By JIM SNYDER,
LINN DOAN and BRADLEY OLSON
and fire that led to the evacuation of a North Dakota town has
renewed the debate over whether its safer to ship oil by
rail or pipeline as the US completes a review of the Keystone
there is an incident, you have heightened talk and scrutiny on
oil transportation, Brigham McCown, a former director of
the Pipeline and Hazardous Materials Safety Administration,
said yesterday in an interview. It will add to the
officials urged more than 2,000 North Dakota residents to flee
fumes from the fire that engulfed BNSF Railway Co. cars
carrying oil after a collision Dec. 30 with another train about
25 miles (40 kilometers) west of Fargo. BNSF is owned by
Berkshire Hathaway Inc. of Omaha. The evacuation was lifted
yesterday at 3 p.m. local time after health officials declared
the air safe.
change has been the focus of the fight over TransCanada
Corp.s proposed Keystone XL pipeline from Canada to the
US Gulf Coast, a subset in the debate has been the relative
safety of pipes vs. trains. The US State Department, reviewing
the $5.4 billion project because it would cross the
US border, is weighing whether the pipeline would be in the
allow about 100,000 barrels a day of crude from the Bakken
formation in Montana and North Dakota onto the pipeline through
a link in Baker, Montana.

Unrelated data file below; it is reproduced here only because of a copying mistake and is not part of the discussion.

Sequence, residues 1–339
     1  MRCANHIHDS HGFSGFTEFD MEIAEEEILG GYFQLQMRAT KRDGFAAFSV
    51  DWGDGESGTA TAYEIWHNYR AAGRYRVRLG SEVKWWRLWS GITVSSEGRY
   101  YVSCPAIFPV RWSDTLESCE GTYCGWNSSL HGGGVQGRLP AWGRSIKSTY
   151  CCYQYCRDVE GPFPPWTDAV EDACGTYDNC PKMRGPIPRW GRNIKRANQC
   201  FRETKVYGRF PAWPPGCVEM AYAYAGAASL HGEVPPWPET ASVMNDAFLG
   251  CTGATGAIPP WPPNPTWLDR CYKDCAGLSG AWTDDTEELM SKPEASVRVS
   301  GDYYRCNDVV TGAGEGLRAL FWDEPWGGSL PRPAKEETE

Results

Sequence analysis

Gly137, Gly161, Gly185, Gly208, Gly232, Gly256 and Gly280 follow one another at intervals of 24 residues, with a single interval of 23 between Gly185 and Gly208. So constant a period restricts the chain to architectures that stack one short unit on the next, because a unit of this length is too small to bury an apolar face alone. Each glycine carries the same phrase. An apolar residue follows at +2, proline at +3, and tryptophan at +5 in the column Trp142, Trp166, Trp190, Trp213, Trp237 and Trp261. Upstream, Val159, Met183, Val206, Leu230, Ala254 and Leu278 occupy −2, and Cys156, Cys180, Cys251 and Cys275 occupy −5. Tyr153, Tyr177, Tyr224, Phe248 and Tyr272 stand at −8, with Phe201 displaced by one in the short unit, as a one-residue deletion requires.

oil is going to come under increasing scrutiny, as a
result of the rail explosion, said Robert Schulz, a professor
at the University of Calgarys Haskayne School of
Business. You may see additional thoughts of,
Lets approve Keystone because its going to be
Dakota accident is the fourth major North American derailment
in six months by trains transporting crude. Record volumes of
oil are moving by rail as production from North Dakota and
Texas have pushed US output to the most since 1988 and pipeline
capacity has failed to keep up.
this -- seemingly yet another rail incident -- will add to the
clamor for more regulation of shipping oil by rail, Tony
Hatch, an independent rail analyst based in New York, said by
Keystone have pointed to pipeline spills in Alabama, Michigan
and North Dakota to show that method of transporting oil
carries its own hazards. In September, a Tesoro Corp. pipeline
ruptured and spilled 20,000 barrels of crude in northwest North
recent events, McCown, who is now an industry consultant and a
supporter of Keystone, said both trains and pipelines are safe,
with few incidents relative to the amount of crude they
transport. One advantage pipelines have is that they tend to be
in more sparsely populated areas, he said.
built the West -- rail built most of the towns, he said
by telephone. As a consequence, there are more rail lines
going through more populated areas.
an attorney for the Natural Resources Defense Council, said the
Dec. 30 derailment underscores the need to improve train safety
in the US, regardless of whether Keystone gets built.
rail is happening in North Dakota, its not related to
Keystone, Swift said in a telephone interview.
Keystone isnt going to eliminate this crude-by-rail
movement in the US.
Department review of Keystones environmental impact includes